'Vampire' murderer pleads for softer jail time

October 28, 2007 (news.com.au / Peter Hansen) -- Convicted murderer Tracey Wigginton, who calls herself a vampire, began new Supreme Court action last week, protesting against her high-security classification. She wants to do her life sentence in the softer conditions of a prison farm.


Her application to the court last week sought declarations that recent decisions to classify her as a high-security prisoner and to house her back at the higher-security Brisbane Women's Correctional Centre were unlawful.

Now 42, she has been in custody since October 1989 when she and three other women were involved in the murder of Edward Baldock, 47, at West End in Brisbane.

The court heard that they lured him into a car at night outside the Caledonian Club at Kangaroo Point. They drove to a park on the banks of the Brisbane River and promised him sex.

Wigginton stabbed Baldock 27 times and drank his blood.

They were quickly caught when detectives found a credit card belonging to one of the women in one of his shoes.

Wigginton was transferred back to the women's prison in June last year after allegedly assaulting another prisoner and a prison guard.

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'Vampire killer' finally walks free after 22 years behind bars

January 12, 2012 (The Australian / Rosanne Barrett and Sean Parnell) -- Notorious "vampire killer" Tracey Wigginton was surprised by Brisbane's "huge skyline" on her release from jail after 22 years yesterday.  The convicted murderer quietly walked free from the low-security Numinbah Correctional Centre yesterday morning on 31 parole conditions. However, she will not be required to undergo electronic monitoring.

In 1991, Wigginton pleaded guilty to the stabbing murder of Edward Baldock, 47, before sensational claims of her hypnotic powers, belief in the occult and a "need to feed" on her victim's blood were raised by her co-accused in a later trial.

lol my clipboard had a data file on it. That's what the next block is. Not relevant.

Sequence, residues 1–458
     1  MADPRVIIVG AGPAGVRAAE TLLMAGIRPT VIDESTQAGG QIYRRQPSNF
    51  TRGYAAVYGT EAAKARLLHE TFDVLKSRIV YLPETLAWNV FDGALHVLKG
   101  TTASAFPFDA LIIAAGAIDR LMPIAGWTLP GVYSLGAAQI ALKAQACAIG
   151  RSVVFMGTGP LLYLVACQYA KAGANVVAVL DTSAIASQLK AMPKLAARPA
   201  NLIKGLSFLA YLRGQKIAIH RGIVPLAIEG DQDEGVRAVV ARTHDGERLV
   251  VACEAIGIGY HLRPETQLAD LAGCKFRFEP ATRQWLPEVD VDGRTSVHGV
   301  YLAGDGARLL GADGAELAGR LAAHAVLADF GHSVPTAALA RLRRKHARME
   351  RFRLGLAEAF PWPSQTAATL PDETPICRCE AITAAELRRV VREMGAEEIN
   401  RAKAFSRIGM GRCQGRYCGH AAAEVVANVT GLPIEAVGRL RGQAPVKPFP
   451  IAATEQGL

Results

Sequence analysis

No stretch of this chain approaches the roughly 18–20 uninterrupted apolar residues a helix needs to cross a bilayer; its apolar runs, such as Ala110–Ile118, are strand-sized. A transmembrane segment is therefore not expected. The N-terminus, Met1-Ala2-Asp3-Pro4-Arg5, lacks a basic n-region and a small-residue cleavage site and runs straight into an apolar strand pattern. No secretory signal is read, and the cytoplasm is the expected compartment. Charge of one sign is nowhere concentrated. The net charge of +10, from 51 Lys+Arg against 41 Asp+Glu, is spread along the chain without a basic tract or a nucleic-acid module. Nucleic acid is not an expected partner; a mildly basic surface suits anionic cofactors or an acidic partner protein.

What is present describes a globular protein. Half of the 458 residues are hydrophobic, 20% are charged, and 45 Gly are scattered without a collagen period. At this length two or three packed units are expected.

Wigginton, aged 24, and three other women lured Baldock into a car and took him to a riverside park in West End. Wigginton then stabbed him 27 times.

Prisoner advocate Debbie Kilroy, who has known Wigginton since she went to jail, said she would put her reputation on Wigginton's successful reintegration into society. Ms Kilroy collected Wigginton from jail and said the first thing the newly freed prisoner noticed was the "huge skyline".

The Australian revealed last month that Wigginton, 46, would be released on parole after her application to the independent Queensland Parole Board was granted on her eighth attempt.  As part of her parole conditions she must have psychiatric, psychological, medical treatment and counselling as directed.

Her conditions include a prohibition on contacting -- directly or indirectly -- Baldock's family, her co-offenders or the media without the prior approval of the parole board.

She must not receive payment or benefit from her offence and must disclose to her parole officer any "intimate relationship".

Wigginton loses bid to get out of jail

March 5, 2010 (AAP) -- INFAMOUS "vampire killer" Tracey Wigginton today lost a Supreme Court bid that would pave the way her release on parole after having already served 20 years behind bars. Brisbane Supreme Court Juduge Glenn Martin this morning dismissed Wigginton's application to overturn the Queensland Parole Board's decision to refuse her release on parole, Brisbane's Courier-Mail reported. Justice Martin also rejected Wigginton's challenge of a decision by Queensland's Department of Corrective Services that effectively blocks her from being transferred back to the low-security Numinbah Correctional Centre, 115km south of Brisbane. Wigginton has already served 20 years of life sentence for the 1989 murder of council worker Edward Baldock, 47. Lawyers for Wigginton in December argued Wigginton was in such frail health it was nigh on impossible for her to harm anyone if released on parole. Barrister Josh Fenton, for Wigginton, told the court the convicted killer was suffering from a chronic and debilitating back condition and a knee injury and required crutches to remain mobile. He said it was hard to believe his 44-year-old client would ever be physically capable of killing someone again with a knife. The court was told Wigginton had been placed in a no-win situation which required her to spend at least six months in a low-security facility such as Numinbah before she could be granted release on parole. However, Mr Fenton said, Wigginton's crippling ailments required treatment not available at the Numinbah facility. "A woman who suffers from (these conditions) is highly unlikely to commit such a crime (as that on Baldock) again," he said. Wigginton, who is classified as a low-security prisoner and has been in jail since January 1991, was one of four women who lured Baldock into a car at Kangaroo Point. He was driven to West End where Wigginton stabbed him 27 times and drank his blood. Wigginton has been eligible for parole since 2002, but her latest application was denied in July last year.